6 TUTORIALS Sunday February nd T6: Clock and Data Recovery Architectures and Circuits This tutorial provides ground theory and practical strategies for the design of clock-anddata-recovery circuits. We begin by relating performance metrics such as jitter transfer, jitter tolerance, and jitter peaking to CDR loop components and use these relationships to elucidate application-specific design challenges and tradeoffs. Following this, we will discuss both architectural- and circuit-level techniques to manage/overcome these tradeoffs. Specifically, we would compare different architectures: bang-bang vs. linear, digital vs. analog vs. hybrid loops, oscillator vs. phase interpolator, and reference-less vs. reference-based CDRs. Instructor: Pavan Kumar Hanumolu Pavan Kumar Hanumolu is an Associate Professor in the Department of Electrical and Computer Engineering at the University of Illinois, Urbana-Champaign. He received the Ph.D. degree from the School of Electrical Engineering and Computer Science at Oregon State University, Corvallis, in 006, where he subsequently served as a faculty member until 03. Dr. Hanumolu s research interests are in energy-efficient integrated circuit implementation of analog and digital signal processing, wireline communication systems, and power conversion. He currently serves as an Associate Editor of the Journal of Solid-State Circuits, and is a technical program committee member of the VLSI Circuits Symposium, and International Solid-State Circuits Conference T7: Basics of Many-Core Processors This tutorial focuses on the design of many-core processors spanning clients to servers to high-performance computing systems in scaled CMOS process. Key circuits and design techniques are highlighted for robust and variation-tolerant logic, embedded memory arrays and on-die interconnect fabrics. Also presented are design principles that enable a wide dynamic voltage-frequency operating range, spanning multi-threaded high-throughput near-threshold voltage to single-threaded burst performance modes. Fine-grain multi-voltage design and power management techniques are covered, along with smart variation-aware workload mapping schemes to achieve maximum performance under stringent thermal and energy constraints. Real chip design examples are used to illustrate basic design principles and practical considerations. Instructor: Vivek De Vivek De is an Intel Fellow and Director of Circuit Technology Research in Intel Labs. He is responsible for providing strategic technical directions for long-term research in future circuit technologies and leading energy efficiency research across the hardware stack. He has 3 publications in refereed international conferences and journals and 95 patents, with 30 more patents filed (pending). He received an Intel Achievement Award for contributions to integrated voltage regulator technology. He received a Best Paper Award at the 996 IEEE International ASIC Conference, and nominations for Best Paper Awards at the 007 IEEE/ACM Design Automation Conference (DAC) and the 008 IEEE/ACM International Conference on Computer-Aided Design (ICCAD). One of his publications was recognized in the 03 IEEE/ACM Design Automation Conference (DAC) as one of the Top 0 Cited Papers in 50 Years of DAC. He received a Ph.D. in Electrical Engineering from Rensselaer Polytechnic Institute, Troy, New York. He is a Fellow of the IEEE. T8: Analog Techniques for Nano-power Circuits This tutorial presents the design methodology and examples of analog circuits having nanoampere consumption with application in systems with short activity periods followed long standby. They are essential for the area of energy harvesting where the amount of available energy can unpredictably change by orders of magnitude. Low load efficiency of power management becomes a very important parameter in a wide breadth of applications. Circuit examples include biasing, precision voltage references, oscillators, charge pumps, adaptive speed amplifiers and comparators, LDOs, DCDC converters. 6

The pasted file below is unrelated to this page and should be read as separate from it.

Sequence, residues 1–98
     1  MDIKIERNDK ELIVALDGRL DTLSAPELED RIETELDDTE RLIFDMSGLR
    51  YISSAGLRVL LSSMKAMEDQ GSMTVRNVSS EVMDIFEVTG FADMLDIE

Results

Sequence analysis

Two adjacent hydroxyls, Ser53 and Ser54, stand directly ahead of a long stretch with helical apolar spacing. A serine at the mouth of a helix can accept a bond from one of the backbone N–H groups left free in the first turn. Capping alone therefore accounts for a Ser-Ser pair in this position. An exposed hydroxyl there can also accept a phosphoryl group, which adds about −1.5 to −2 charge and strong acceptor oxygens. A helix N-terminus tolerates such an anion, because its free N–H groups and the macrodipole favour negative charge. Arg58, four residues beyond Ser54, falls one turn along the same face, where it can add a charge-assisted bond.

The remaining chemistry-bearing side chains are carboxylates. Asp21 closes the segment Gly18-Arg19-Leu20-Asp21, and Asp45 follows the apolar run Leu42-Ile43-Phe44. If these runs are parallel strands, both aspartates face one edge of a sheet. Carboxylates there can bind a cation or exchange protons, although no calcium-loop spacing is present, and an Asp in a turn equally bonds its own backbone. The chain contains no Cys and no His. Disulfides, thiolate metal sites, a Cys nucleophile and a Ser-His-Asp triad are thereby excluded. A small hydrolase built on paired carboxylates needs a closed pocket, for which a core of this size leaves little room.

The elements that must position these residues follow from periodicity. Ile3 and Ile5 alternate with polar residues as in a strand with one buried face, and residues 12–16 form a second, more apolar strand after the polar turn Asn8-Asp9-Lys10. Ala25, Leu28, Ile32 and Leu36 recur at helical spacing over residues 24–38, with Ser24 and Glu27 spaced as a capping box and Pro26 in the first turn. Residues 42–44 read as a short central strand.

7 TUTORIALS Sunday February nd Instructor: Vadim Ivanov Vadim Ivanov received the MSEE and the Ph.D. in 980 and 987, respectively, both in the USSR. He designed electronic systems and ASICs for naval navigation equipment from 980 to 99 in St. Petersburg, Russia, and mixed-signal ASICs for sensors, GPS/GLONASS receivers and for motor control between 99 and 995. He joined Burr Brown (presently Texas Instruments, Tucson) in 996 as a senior member of technical staff, where he has been involved in the design of the operational, instrumentation, power amplifiers, references, and switching and linear voltage regulators. He has over 80 US patents and applications on analog circuit techniques and authored over 30 technical papers and three books: Power Integrated Amplifiers (Leningrad, Rumb, 987), Analog system design using ASICs (Leningrad, Rumb, 988), both in Russian, and Operational Amplifier Speed and Accuracy Improvement, Kluwer, 004. T9: Frequency Synthesizers for Wireless Transceivers A frequency synthesizer is a key building block in wireless systems. The ΔΣ fractional-n PLLbased synthesizer plays a critical role in modern transceivers not only as a local oscillator but also as a phase modulator with direct digital modulation. However, the traditional PLL in advanced CMOS technology suffers from poor scalability, loop parameter variability, leakage current and linearity problems. Accordingly, diversified PLL architectures and circuit techniques have been recently proposed in consideration of performance, power and cost, thus making it more difficult than ever for circuit designers to choose the right design solution. This tutorial gives some insight into PLL basics tailored for circuit designers. Then, system perspectives and practical circuit design aspects for frequency synthesis will be presented. Instructor: Woogeun Rhee Woogeun Rhee is a Professor at Tsinghua University, China. He received the B.S. degree from Seoul National University in 99, the M.S. degree from UCLA in 993, and the Ph.D. degree from the University of Illinois, Urbana-Champaign, in 00. From 997 to 00, he was with Conexant Systems, CA, where he was a Principal Engineer and developed low-power low-cost fractional-n synthesizers. From 00 to 006, he was with IBM Thomas J. Watson Research Center, NY and worked on clocking area for high-speed I/O serial links. In August 006, he joined the faculty of Tsinghua University, China. He currently holds 9 U.S. patents. T0: CMOS Sensors for 3D Imaging 3D imaging has become a hot research topic in the last few years, driven by the needs of emerging markets looking for next-generation user interfaces based on gesture control. Moreover, 3D vision systems offer amazing possibilities of improvement in many other areas like automotive, security and surveillance, cultural heritage preservation, ambient-assisted living, industrial control, etc., because they significantly increase the robustness of object classification with respect to conventional D imagers. This tutorial will introduce participants to the exciting field of 3D imaging, providing an overview about image-sensor architectures capable of distance measurement. An introduction to existing 3D imaging technologies will be given, addressing the peculiarities of each measuring technique and the possible application domains. The focus is on solid-state sensor architectures as enabling technologies to improve the performance of 3D vision systems, with a particular emphasis on time-offlight implementations. Finally, participants will get some practical tools such as figure of merits and experimental characterizations guidelines for a comprehensive comparison of 3D imager performance and a perspective toward the future challenges in this fast-evolving field. Instructor: David Stoppa David Stoppa received the Ph.D. degree in Microelectronics from the University of Trento, Italy. He is the head of the Integrated Radiation and Image Sensors research unit at FBK where he has been working as a research scientist since 00 and as group leader of the Smart Optical Sensors and Interfaces group from 00 to 03.. His research interests are in the field of CMOS image sensors and biosensors. He has published more than 00 papers, and holds several patents in the field of image sensors. He is currently a member of the ISSCC ITPC and was technical committee member of International Image Sensors Workshop in 009 and 03. Dr. Stoppa received the 006 ESSCIRC Best Paper Award. 7